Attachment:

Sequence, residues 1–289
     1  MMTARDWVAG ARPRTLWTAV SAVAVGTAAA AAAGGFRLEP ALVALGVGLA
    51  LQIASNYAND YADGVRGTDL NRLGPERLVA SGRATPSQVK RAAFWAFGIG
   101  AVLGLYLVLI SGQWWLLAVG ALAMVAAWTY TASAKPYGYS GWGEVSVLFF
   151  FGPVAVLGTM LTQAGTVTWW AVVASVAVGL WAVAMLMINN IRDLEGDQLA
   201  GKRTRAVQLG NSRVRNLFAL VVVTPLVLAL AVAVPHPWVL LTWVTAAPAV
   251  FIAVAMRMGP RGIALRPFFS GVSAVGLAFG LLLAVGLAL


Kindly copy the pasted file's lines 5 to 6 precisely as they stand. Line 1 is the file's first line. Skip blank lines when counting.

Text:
   151  FGPVAVLGTM LTQAGTVTWW AVVASVAVGL WAVAMLMINN IRDLEGDQLA
   201  GKRTRAVQLG NSRVRNLFAL VVVTPLVLAL AVAVPHPWVL LTWVTAAPAV